© 2021 Bloomberg

COMMENTS   24

Sort by:
  • Oldest first
  • Newest first
  • Top voted

You must be signed in to comment.

SIGN IN SIGN UP

Scary situation for people needing to enter the market.

What to do, stay in SA cash or invest at these levels?

VERY difficult. The runt is 14 vs 19 when advisors were screaming externalise, but US markets are expensive.

Cash is almost never the option

“Day traders know a bubble when they see one”

FACTS baba! Facts.

As long as governments supply cheap money the bubble will grow. The big question is when will someone in these first world governments have the guts to promote a market related interest rate.

A rarely provocative article within a continuation of a farcical and fake storyline of incredulous and jollying but nonetheless pure fantasy.
The old school have evidently handed the reigns of fiscal discipline over to the highest emotional bidders, their undeserving beneficiaries. These inheriting mega dons of market and financial manipulation have in turn bequeathed their omnipotence to their totally untrustworthy offspring. Therein is the recipe for the fake tree of future wonderness commonly known as a total disaster.
Fools and their omnipotent control over money which the power of any even semi-intelligent Democracy never had even a semi-fair chance to compete with.

…w…t…f… Are you on about

The Zimbabwean stock market was the best-performing market in the world, in terms of the Zim dollar, during the period of hyperinflation. It is clear that share indices will keep on rising for as long as currencies are being devalued. Currencies will be devalued until the Debt/GDP ratio in leading nations are below 20%. They will manufacture GDP growth by creating inflation. This implies that the share indices will keep on making new highs for the next decade at least.

Commentators should acknowledge this simple fact – It is mathematically impossible for a share index to crash in terms of money as the unit of account when the purchasing power of that unit of account is crashing at a faster rate. The price of shares is based on the price of money which is based on the price of credit. Credit expansion is a bubble, the money supply is a bubble, the share price is a bubble.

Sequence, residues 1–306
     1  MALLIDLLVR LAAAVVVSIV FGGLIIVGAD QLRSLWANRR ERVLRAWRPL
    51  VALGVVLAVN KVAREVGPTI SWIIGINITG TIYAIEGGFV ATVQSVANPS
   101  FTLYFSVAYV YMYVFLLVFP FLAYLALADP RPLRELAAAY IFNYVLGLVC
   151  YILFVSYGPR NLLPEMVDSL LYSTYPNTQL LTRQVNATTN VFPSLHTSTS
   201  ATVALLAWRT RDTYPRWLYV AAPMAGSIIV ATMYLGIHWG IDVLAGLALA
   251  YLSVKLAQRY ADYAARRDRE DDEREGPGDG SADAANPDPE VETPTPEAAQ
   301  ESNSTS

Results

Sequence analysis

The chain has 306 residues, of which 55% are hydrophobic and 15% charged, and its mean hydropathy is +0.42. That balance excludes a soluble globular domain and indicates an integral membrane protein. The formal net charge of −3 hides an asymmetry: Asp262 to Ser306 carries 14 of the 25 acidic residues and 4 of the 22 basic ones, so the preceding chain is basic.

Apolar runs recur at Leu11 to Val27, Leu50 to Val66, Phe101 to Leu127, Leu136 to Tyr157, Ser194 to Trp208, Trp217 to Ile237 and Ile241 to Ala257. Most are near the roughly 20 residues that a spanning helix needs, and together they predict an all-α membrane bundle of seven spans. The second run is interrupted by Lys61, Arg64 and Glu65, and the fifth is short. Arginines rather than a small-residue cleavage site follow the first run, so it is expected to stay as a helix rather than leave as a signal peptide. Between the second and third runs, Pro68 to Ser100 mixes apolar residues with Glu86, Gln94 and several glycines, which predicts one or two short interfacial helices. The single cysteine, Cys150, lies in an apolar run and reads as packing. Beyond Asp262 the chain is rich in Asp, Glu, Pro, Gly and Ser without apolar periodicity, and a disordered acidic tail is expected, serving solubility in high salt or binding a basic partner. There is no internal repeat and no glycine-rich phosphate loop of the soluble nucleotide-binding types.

Share indices are bubbles within bubbles within bubbles. This is the froth created by proponents of Modern Monetary Theory. The international financial system, including the banking system, is fully dependent on bubble-inflating Reserve Banks.

We should ask ourselves – “How do we keep our noses above the bubbles? How do we protect the purchasing power of our assets?”

When the stock market corrects in such a scenario, the best is to sit on your hands because the US government cannot endure a longer than 4 month bottom before defaulting on debt. 15% cash to get you through the bottom and buy on the dip, 25% gold, silver & bitcoin to hodl, 25% niche real estate & 40% commodities, industrial, big tech and foreign entities. Ray Dalio’s all weather portfolio comes to mind.

@Sensei,
Very well put, Insightful and simple as usual.

“Opportunity Lurks Where Responsibility has been Abdicated”
Jordan B Peterson.

The reason for BITCOINs success as hedge against Inflation, because of irresponsibility on the behalf of the central banks world wide, they have are a bunch of sell outs to the highest bidder just like Guptas to Zuma.

The opportunity to buy the state of affairs from an elected governing party exists only because the politicians have abdicated their responsibility towards their citizens.

Citizens must therefore take ownership of their Responsibility and discriminate against the corrupt by providing opportunity for the value to be sustained.

Nobody is held accountable, because it is perceived as too big to fail. It will all eventually fail, with new winners and old loser who simply will not give up throwing ever last ounce of declining power at the new system.